Biological Anthropology, Hominid and Primate Paleontology, Osteology, Comparative Primate Anatomy
Over the past several years my interests have shifted from paleoanthropology and primatology into two new areas. One is natural philosophy which includes inputs from functional (molecular) biology and the epistemology of human thought. Currently the primary goal of this research is to provide a scientific but non-Darwinian explanation of human behavior that can be applied, by anthropologists, to the behavior of living humans. This explanatory model is based on a cybernetic perspective of functional biology and excludes adaptive explanations derived from evolutionary biology because the latter, although providing true and useful concepts, are non-empirical and statistical, rather than empirical and causal. Unlike the Darwinian view, the model explains the many human behaviors that make no sense from an evolutionary (adaptational) perspective as well as behaviors that do conform to fitness expectations. It is hoped that the causal model will also help to prevent the growing rift in anthropology between cultural anthropologists and physical anthropologists.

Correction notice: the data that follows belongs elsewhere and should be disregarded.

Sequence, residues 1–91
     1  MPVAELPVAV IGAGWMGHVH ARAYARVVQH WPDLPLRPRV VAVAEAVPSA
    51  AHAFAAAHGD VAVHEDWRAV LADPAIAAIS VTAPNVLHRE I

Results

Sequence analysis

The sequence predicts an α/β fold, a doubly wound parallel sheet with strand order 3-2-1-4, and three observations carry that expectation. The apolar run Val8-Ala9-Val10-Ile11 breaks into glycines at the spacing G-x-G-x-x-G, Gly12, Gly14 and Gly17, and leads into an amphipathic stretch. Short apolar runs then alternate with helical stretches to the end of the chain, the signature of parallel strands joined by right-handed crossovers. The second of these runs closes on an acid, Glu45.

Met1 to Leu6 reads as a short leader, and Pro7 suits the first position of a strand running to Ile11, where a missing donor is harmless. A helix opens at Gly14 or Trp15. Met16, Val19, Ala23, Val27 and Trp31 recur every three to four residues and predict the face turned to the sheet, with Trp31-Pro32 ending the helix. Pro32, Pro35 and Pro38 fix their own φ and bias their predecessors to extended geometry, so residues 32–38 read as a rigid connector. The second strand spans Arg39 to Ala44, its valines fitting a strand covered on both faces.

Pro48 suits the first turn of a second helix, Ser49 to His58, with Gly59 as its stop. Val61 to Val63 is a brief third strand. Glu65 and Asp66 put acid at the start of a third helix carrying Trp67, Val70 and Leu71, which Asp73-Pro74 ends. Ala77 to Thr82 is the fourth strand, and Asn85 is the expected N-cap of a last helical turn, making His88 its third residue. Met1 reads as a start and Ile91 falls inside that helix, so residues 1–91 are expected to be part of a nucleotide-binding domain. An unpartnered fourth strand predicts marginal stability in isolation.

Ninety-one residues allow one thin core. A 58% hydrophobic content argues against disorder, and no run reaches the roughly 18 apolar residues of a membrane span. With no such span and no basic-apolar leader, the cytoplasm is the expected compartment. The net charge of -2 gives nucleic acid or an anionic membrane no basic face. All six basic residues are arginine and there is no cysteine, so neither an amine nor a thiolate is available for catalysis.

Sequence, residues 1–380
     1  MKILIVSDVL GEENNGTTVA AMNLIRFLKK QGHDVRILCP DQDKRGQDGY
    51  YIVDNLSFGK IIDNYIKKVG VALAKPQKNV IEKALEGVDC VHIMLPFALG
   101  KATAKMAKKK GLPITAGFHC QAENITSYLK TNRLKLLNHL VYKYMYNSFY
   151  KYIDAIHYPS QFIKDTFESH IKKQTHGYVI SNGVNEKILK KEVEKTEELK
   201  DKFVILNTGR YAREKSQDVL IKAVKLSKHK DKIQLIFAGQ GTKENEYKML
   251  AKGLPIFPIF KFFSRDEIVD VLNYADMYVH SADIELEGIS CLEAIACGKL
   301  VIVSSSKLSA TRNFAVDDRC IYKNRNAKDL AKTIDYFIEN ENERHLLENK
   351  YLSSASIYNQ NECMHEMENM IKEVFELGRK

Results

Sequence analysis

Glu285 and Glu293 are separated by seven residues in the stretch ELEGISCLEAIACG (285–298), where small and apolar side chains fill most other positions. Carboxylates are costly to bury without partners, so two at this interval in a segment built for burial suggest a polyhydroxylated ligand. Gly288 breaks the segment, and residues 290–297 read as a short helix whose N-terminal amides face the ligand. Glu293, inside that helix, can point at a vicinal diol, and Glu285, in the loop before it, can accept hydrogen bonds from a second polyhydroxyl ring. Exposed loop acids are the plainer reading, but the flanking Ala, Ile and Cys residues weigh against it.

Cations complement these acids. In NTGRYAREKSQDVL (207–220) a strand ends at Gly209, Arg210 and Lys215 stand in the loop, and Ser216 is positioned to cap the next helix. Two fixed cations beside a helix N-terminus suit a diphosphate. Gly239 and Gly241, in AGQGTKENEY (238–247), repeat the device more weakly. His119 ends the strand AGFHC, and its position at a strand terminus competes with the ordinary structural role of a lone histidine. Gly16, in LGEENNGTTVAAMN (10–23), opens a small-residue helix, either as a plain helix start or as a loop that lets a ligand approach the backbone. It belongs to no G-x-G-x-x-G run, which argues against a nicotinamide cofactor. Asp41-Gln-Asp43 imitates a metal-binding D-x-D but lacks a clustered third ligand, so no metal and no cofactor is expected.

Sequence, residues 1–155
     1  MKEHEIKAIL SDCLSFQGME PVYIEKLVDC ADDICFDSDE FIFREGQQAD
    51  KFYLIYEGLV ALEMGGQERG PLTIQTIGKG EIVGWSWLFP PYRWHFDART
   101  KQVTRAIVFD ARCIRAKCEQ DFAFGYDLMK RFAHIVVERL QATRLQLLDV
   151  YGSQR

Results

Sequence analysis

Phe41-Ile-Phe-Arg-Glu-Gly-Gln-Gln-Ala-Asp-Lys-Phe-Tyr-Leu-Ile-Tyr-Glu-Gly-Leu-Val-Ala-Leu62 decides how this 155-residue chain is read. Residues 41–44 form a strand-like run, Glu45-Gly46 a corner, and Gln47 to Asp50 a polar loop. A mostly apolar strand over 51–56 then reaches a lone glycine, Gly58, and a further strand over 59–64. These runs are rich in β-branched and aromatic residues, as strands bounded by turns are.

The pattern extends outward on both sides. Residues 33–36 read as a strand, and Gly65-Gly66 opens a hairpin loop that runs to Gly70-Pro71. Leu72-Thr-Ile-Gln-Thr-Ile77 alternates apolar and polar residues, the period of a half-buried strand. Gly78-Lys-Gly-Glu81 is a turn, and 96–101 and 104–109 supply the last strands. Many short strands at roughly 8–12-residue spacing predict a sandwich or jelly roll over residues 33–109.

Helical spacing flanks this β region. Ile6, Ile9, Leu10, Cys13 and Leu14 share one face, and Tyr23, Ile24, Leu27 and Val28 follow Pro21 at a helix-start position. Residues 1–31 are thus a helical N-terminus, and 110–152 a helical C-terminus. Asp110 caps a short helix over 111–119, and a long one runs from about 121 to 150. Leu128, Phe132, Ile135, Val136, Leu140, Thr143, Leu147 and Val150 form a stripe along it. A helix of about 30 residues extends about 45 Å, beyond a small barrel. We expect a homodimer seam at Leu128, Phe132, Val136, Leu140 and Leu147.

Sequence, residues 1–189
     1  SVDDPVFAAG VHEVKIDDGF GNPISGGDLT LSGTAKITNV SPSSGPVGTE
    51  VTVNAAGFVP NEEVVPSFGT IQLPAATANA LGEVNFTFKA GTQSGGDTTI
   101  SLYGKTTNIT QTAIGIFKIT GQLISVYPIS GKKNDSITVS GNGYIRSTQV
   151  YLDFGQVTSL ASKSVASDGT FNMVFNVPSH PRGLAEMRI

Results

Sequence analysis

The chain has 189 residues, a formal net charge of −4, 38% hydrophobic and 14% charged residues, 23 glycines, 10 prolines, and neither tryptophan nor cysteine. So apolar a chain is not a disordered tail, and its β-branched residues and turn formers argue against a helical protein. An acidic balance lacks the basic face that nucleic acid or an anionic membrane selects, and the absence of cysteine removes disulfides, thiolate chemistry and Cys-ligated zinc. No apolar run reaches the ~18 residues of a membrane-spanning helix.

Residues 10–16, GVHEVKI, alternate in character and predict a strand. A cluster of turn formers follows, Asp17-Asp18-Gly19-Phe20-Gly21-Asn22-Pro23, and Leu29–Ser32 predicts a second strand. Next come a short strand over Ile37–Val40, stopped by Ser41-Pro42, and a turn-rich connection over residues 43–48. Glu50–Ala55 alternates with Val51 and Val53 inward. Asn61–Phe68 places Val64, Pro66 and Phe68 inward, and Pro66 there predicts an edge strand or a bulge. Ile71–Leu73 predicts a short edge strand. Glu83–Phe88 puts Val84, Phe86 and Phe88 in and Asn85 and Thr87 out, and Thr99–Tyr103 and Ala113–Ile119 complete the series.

My second area of research concerns Vitamin D deficiency in modern and fossil humans living above the 35th latitude. Clinical, molecular, population and species level observations show that this deficiency pandemic has been the major health issue in humans living above the 35th latitude now and in the past and it provides an explanation for the extinction of the European Neanderthals and earlier fossil humans at high latitudes.